Police dog Ingo and his handler, Officer Francisco Ibarra, were probably quite a team in their day. The German shepherd was undoubtedly a robust, smart, brave, loyal dog, and Ibarra likely really cared for his dog, as handlers almost always do.
But something seems to have gone very wrong after Ibarra retired. He had been fired “for cause” (some say it had to do with his dog biting a suspect) by the Watsonville, Calif., police department in 2010. It’s unclear from reports just when Ibarra adopted Ingo, who is now 5, or why Ingo was retired so early.
In mid-February, acting on an anonymous tip, the SPCA of Monterey County sent officers to check out Ibarra’s home. They found the severely skinny Ingo in the backyard. He weighed only 55 pounds — 25 pounds less than he should have. His hips and ribs protruded, and he scored a 1 out of 5 in the canine body condition score chart, with 1 being “emaciated.”
The SPCA gave Ibarra 24 hours to respond to their inquiry, but he didn’t, so officers took away the dog. After Ingo was under their care, he passed rocks and sand in his stool. It underscored how desperate the dog was for nutrition. The poor dog probably ate whatever he could find in the yard so he could fill his stomach.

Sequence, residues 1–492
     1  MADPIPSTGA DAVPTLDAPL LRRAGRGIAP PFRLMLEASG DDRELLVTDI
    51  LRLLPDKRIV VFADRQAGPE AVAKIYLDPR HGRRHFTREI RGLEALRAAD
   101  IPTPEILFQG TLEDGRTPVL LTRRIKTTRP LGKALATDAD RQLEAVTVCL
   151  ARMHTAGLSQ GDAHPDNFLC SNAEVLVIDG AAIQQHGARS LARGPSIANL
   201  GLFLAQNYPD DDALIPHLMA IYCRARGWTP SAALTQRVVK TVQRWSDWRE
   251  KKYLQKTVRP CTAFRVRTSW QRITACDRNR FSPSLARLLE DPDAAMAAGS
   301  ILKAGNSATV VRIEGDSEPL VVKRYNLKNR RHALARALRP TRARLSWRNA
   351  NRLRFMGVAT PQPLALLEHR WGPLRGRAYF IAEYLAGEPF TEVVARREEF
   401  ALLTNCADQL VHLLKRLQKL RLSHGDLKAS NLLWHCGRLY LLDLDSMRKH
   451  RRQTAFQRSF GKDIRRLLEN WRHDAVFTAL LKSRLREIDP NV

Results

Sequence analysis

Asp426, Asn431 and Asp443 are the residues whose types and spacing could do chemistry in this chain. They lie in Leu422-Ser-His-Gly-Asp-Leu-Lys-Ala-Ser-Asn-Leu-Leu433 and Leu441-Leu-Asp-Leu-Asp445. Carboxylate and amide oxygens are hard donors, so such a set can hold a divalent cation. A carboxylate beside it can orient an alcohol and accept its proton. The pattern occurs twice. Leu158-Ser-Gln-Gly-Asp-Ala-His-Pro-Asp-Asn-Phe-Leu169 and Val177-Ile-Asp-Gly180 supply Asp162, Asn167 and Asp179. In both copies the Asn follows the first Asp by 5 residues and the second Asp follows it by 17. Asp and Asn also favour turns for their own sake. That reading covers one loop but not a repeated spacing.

SPCA veterinarians determined that Ingo had no health problems that would have caused him to be that skinny. Ingo has gained 15 pounds in the month since he was taken from Ibarra’s yard. He’s on a prescribed diet, and seems to be doing well.
“He is doing much better, doing great, getting attention every day,” the SPCA’s Sgt. Stacy Sanders said. “He’s enjoying life.”
Both Ingo’s and Ibarra’s futures are uncertain. Ibarra was charged last week with two counts of failing to take care of an animal. The sentence carries a maximum of six months in jail and a $1,000 fine. Ibarra probably won’t get Ingo back, but Sanders says there are many possibilities for the future, including adoption. She said Ingo will not be euthanized, and from my vantage point, I don’t see how Ibarra could get his dog back, but you never know.
The bond between a dog and police or military working dog handler is usually incredibly tight. Dogs risk their lives for their handlers, and handlers do everything to protect their dogs, and often consider them members of their family.
We never may know went wrong here, but at least Ingo is going to make it, and with a little luck, he’ll have a future with lots of love and plenty of food.
Sources: Santa Cruz Sentinel, CBS San Francisco, SPCA of Monterey County